Floral, fruity, spicy? Defining your wine palate and vocabulary.
In the world of wine, what does the phrase “defining your palate” mean to you? As we all get to know our palates not only in the world of wine but also with foods, there are lots of clues that inform our wine preferences. There’s a great big ocean of good wine out there and stylistically, all over the map — literally. Needless to say, things can seem a bit daunting. So, when you sharpen your ability to figure out what you like and why you like it, you can get on the road to buying more efficiently for your palate. The language of wine is also important as it helps convey your thoughts more clearly to describe what you taste. There is a hoard of other terms and tastes out there, but let’s start with the basics. After all, the beauty of wine is its sensual nature, its ability to involve most of our senses, sight, smell and taste. The feel of the bottle and the sound of the cork popping out of the bottle rounds out all five!
If you tend to like bitter foods (greens like arugula and watercress), vinegar-based food (condiments like mustard) and drink your coffee black with no sugar, like me, then you probably also enjoy more tannic wines. Why? Because tannin has a drying, bitter sensation. Think of drinking black tea without milk. That’s the effect of tannin. It’s not a flavor, but more of a textural thing, as tannin comes from the skins, seeds, stems of the grape. Which wines are more tannic? Cabernets, Merlots, wines from Northern Italy like Barolos, Barbarescos (Nebbiolo is the grape) and some Syrahs.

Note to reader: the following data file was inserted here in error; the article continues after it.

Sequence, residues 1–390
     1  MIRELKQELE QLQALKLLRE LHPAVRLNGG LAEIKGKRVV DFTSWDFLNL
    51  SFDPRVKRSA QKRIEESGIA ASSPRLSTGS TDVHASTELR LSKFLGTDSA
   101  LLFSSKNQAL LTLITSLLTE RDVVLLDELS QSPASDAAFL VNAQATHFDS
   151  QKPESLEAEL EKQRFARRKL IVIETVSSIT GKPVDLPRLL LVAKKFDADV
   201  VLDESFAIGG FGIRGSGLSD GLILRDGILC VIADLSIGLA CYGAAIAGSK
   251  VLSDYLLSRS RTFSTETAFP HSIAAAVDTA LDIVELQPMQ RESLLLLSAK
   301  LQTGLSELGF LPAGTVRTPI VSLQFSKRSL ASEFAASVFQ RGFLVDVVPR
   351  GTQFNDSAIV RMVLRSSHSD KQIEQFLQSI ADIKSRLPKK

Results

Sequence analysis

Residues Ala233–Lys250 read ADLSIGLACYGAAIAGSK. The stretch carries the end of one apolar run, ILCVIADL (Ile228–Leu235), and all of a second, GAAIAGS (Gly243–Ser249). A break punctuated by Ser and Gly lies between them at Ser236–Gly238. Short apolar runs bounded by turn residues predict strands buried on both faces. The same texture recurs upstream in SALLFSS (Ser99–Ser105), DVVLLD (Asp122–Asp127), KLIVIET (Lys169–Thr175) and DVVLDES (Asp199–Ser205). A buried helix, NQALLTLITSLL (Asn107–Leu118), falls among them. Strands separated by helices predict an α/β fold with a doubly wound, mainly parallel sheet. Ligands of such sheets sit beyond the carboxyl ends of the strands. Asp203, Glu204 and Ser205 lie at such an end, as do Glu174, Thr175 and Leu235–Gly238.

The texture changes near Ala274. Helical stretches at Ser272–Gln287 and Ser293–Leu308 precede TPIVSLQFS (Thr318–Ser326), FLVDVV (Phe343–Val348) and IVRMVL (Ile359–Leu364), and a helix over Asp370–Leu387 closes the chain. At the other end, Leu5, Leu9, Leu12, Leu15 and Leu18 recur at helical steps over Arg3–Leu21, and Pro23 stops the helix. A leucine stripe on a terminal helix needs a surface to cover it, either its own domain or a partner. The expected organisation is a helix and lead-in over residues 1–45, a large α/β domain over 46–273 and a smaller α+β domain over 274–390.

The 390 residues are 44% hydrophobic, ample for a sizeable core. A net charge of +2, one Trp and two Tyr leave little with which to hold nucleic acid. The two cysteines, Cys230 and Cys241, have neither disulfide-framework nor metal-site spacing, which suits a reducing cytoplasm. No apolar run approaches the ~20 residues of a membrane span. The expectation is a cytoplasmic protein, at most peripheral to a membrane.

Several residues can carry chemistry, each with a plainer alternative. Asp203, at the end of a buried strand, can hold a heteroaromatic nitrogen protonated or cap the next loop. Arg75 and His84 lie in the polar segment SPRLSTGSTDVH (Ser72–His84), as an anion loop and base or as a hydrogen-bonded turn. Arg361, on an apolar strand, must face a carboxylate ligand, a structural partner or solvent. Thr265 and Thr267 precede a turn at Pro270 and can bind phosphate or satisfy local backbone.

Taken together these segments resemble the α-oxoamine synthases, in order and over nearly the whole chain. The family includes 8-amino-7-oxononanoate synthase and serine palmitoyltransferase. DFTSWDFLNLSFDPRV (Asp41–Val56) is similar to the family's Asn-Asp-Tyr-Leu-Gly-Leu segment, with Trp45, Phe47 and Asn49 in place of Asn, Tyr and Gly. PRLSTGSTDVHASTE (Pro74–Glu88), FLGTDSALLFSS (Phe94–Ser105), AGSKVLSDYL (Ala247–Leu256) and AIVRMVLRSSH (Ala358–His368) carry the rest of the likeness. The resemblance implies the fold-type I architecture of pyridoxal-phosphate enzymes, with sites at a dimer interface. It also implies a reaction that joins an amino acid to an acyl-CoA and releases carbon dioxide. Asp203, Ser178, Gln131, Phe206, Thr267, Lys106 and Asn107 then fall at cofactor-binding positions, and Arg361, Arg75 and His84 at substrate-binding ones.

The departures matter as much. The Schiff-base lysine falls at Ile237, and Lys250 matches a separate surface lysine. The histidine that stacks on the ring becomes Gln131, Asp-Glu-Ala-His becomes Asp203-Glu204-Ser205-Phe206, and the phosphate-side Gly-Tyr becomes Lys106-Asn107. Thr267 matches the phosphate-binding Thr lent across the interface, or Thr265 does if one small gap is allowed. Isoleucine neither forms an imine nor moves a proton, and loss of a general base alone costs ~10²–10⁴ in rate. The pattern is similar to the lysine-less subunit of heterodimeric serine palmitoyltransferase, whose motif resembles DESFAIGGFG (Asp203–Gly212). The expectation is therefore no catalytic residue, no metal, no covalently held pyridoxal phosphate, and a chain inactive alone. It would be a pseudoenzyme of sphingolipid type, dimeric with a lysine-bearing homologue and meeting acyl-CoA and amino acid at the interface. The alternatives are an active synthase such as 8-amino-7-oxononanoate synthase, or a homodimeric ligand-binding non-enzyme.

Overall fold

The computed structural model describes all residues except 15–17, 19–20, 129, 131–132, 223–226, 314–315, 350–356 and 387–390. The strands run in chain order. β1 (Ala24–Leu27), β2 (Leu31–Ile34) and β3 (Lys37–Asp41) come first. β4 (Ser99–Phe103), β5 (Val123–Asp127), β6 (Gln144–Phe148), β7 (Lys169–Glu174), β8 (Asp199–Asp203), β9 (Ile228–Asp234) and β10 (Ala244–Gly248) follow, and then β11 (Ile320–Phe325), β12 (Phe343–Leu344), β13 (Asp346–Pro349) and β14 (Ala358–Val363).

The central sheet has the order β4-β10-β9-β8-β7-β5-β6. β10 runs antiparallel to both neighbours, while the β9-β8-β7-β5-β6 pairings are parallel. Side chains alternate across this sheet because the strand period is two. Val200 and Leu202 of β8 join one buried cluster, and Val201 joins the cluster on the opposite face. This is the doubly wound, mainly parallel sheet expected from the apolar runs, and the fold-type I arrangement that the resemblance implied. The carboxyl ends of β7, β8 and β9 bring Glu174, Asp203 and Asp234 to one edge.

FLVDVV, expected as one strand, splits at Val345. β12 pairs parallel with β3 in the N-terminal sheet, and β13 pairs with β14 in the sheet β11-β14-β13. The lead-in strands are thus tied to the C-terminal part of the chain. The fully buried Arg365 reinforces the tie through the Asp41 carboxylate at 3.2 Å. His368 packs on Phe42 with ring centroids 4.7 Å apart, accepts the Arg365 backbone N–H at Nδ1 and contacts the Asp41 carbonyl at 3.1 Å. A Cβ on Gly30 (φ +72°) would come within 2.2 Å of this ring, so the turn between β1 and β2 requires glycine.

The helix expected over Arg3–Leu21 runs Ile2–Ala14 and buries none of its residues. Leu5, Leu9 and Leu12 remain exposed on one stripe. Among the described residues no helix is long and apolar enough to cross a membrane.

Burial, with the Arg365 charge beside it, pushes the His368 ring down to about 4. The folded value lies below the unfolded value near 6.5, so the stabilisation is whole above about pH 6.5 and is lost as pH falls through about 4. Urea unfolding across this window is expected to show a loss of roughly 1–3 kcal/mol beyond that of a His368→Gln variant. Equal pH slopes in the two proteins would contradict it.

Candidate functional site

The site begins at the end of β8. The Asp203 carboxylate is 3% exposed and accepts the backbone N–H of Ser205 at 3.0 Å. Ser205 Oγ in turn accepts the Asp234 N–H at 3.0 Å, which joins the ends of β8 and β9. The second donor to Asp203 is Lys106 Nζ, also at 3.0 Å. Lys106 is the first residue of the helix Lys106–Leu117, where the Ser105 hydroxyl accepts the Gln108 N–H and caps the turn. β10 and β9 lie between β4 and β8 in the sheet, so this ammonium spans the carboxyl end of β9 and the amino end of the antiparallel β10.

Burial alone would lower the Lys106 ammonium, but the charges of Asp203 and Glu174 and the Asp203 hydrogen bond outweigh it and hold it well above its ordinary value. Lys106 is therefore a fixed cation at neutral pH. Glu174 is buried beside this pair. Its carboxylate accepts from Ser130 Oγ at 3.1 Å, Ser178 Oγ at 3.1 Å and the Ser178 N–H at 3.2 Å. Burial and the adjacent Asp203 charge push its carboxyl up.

Acid is similar texturally. In wines it brings them life, lifts up the flavors, makes them zippy and fresh. We all know what acid in foods is like. Anything with lemon, citrus in general, tomatoes, etc. All those tart, tangy foods really get your salivary glands going. Acid is essential in wine but some wines are made to preserve that acid and some are made in such a way that softens the acid. Think of a light, refreshing, tart Sauvignon Blanc from New Zealand or the Loire Valley in France versus a full-bodied, creamy, buttery Chardonnay. The way they feel on your tongue is very different.
Another component in wine is body. The way I like to think of body is the difference between skim milk versus whole milk versus heavy cream. The weight of the liquid and mouthfeel — the way it feels in your mouth — is key to understanding your palate. You say to yourself, “Wow, this wine is rich, heavy, full-bodied and I like it!” or, “Geez, I wish this wine weren’t so strong.” While this term isn’t really used in the industry, one can interpret it as meaning too heavy or too tannic.
When we limit ourselves to words like smooth, dry, sweet, we’re missing out on some more dialed in adjectives that will inform our wine search. Words like fruity, earthy, spicy and floral help you and the outside world better define your palate and lead you to some interesting finds.
So, to summarize, if you’re the kind of person who likes rich, creamy sauces — and frankly, who doesn’t — and you drink four double grande lattes a day, then you probably prefer wines that are richer, and more full-bodied, possibly more oaky, but not too tannic. Or, maybe you’re like me and like it all!